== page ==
Aztec Ruin

Round Trip Distance: 1 mile
Difficulty: Easy
Elevation: 5639 - 5662 feet
Cellphone: 3-5 bars
Time: 1 hr. 30 mins. (including movie)
Trailhead: Aztec Visitor Center
Fee: $5/person
Attractions: Fully restored Great Kiva

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The Aztec Ruins National Monument is located in Aztec, New Mexico. An extensive ancestral Puebloan ruin, that includes an remarkable, fully restored, great kiva, is protected within the borders of the monument. With the ruins serenely situated among tall cottonwood trees a short distance from the Animas River visitors are able to explore the site with little notice of the hustle and bustle of the neighboring town of Aztec.

The ruins are accessed through the Visitor Center where the entrance fee is collected. The staff provide a quick orientation along with a pamphlet that provides additional information for the interpretive trail that leads through the ruins. The Visitor Center also has a short video that is best viewed before touring the ruins as well as a museum and gift shop.

The trail to the ruins begins through the rear doors of the Visitor Center. Portions of the trail throughout the ruins are wheelchair accessible.

After leaving the Visitor Center the trail climbs a few steps to an area on top of a section of walls. At this point it is easier to see the grand scale of the West Ruin great house. With a little effort you can imagine all of the walls extending upward to their original height, 3 stories high in places, like an impenetrable fortress of 500 rooms surrounding the plaza with people working about their daily chores on the rooftops where ladders lead down into the areas below. A strong sense of community must have been required to build a place such as this.

A good deal of effort seems to have been made to include green stones from a distant quarry as though to convey some special meaning that the architects had in mind. Maybe with one row of the green stones that are mostly enveloping the logs that were surrounded by green while growing while another row forms a green base along the ground they were aiming to imitate what they saw in nature. The walls would have been plastered over so the green stones must have been meant to hold their meaning without being seen.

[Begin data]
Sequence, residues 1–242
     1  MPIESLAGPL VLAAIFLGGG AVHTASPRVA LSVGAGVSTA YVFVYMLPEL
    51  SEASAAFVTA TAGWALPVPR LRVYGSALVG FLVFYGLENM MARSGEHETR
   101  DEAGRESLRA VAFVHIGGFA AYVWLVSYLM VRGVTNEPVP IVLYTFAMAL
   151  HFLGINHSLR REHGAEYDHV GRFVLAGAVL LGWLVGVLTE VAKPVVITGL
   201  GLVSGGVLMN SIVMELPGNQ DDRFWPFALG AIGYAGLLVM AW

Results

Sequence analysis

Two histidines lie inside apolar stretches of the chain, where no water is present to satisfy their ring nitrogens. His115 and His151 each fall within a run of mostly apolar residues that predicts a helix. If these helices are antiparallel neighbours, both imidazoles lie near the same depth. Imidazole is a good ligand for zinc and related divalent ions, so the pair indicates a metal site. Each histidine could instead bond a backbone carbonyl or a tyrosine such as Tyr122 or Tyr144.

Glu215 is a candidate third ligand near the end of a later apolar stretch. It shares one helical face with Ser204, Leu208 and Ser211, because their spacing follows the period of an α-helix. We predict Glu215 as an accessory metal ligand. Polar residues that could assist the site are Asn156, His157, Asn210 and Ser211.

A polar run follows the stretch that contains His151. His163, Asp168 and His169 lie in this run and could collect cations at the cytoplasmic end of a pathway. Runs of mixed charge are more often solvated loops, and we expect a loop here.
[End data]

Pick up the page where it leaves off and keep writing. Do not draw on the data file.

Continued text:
A short spur in the trail extends out to a tri-walled kiva that has been backfilled with dirt for preservation. Besides the standing walls that you see in the main complex there are rubble piles and other signs of more structures that would have expanded the already impressive ruin.

An outside wall without windows at ground level gives a defensive look to the structure. At 360 feet the north wall is longer than a football field.

Several portions of the ruins are not wheelchair accessible. Visitors that are able have the chance to enter inside the rooms that make up the back wall where they can pass through the inner doorways and proceed from room to room. Special exhibits in a few of the rooms provide greater insight to the construction of the complex and how some of the rooms may have been used.

Careful examination of the stonework reveals more than just square walls. It would be interesting to see just how the light of the sun and the moon and perhaps the appearance of Venus would have interacted with the various aspects of the construction when it was at its zenith. Maybe they had windows through which they could observe the equinoxes or even one for a major lunar standstill.

Saving the best for last the trail continues through the plaza to the reconstructed kiva.

While visiting many of these sites you hear of excavations that revealed walls that were plastered and painted and usually they are reburied for their preservation. Every once in awhile you might visit a ruin like the Balcony House in the Mesa Verde National Park that has a wall that you can see that still has a small amount of plaster exposed. At the Aztec National Monument it is a real treat to see a fully reconstructed building that looks very similar to how it would have appeared when it was first completed. Modern circumstances require the addition of the wooden handrails and steps but regardless of that it is still truly awe inspiring.

One can't help but feel a bit of the ceremonial intent of the space.

Most, but not all, people are already aware that the name Aztec was mistakenly placed on the site by early settlers that thought that Montezuma had settlements this far north. Although that wasn't the case there is plenty of evidence that there was trading occurring throughout the Southwest and what is now Mexico. The ruins at Aztec even predate the actual Aztec Empire by at least several hundred years. The Aztec Ruins National Monument is a must see stop for anyone interested in the history of the southwest before the Europeans arrived on the scene. The monument can easily be combined with a visit to Chaco Canyon and many other sites in the area. If you would like to see it for yourself then all you have to do is 'Take a hike'.